As soon as the driver sat in his seat and started to drive, a strong smell of alcohol wafted through the back of the taxi, and I became even more worried and uncomfortable. I could not tell if the smell was coming from the taxi driver’s breath or whether there was an open bottle of alcohol somewhere in the vehicle. Perhaps some alcohol had spilled in the car previously and the stain had not been properly cleaned up. It was hard to tell, but the smell was so strong, I had to literally cover my nose with my hand to block it. I must confess, my sense of smell is more developed than that of most people. Nonetheless, I was stuck with a strong unpleasant smell, a disorderly man in a singlet for a taxi driver, and a terrible concern about how my ride would end. Then, more scary thoughts started crossing my mind.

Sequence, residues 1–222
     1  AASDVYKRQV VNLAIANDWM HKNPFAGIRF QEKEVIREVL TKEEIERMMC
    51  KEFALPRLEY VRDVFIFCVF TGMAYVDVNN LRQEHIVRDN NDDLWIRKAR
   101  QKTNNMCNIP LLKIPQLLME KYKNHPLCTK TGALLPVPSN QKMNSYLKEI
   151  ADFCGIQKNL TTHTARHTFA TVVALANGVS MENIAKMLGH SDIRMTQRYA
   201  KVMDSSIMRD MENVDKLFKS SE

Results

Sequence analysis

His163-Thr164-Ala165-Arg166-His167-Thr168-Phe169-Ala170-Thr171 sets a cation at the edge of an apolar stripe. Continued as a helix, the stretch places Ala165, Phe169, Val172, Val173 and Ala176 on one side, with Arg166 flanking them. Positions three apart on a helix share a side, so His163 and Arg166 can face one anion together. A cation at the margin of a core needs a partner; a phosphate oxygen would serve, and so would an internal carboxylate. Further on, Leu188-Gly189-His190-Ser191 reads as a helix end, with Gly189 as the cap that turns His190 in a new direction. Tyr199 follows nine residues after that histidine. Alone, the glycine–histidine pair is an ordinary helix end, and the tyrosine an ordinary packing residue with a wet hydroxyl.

In Washington, I had been told to take a lot of cash with me, in US dollars, and especially single dollar bills. This was because the vendors in Moscow were unlikely to give me change back if I were to give them 20- or 50-dollar bills for even the smallest purchases. I had followed this advice, and instead of carrying unsigned Thomas Cook Travelers Checks, which I normally used back then when travelling on business, I had US dollar bills with me. I was going to be in Moscow for three weeks, a fairly long time, so I needed quite a bit of cash – although later I would discover everything in Moscow was dirt-cheap at the time. It occurred to me that the taxi driver would certainly know I was carrying cash. As my paranoia tipped the scales of reason, I imagined the taxi driver making a detour to some dark and lonely place, strangling me, taking my money, and dumping my body into some ditch. Who would find me there, and who would bother to identify the body?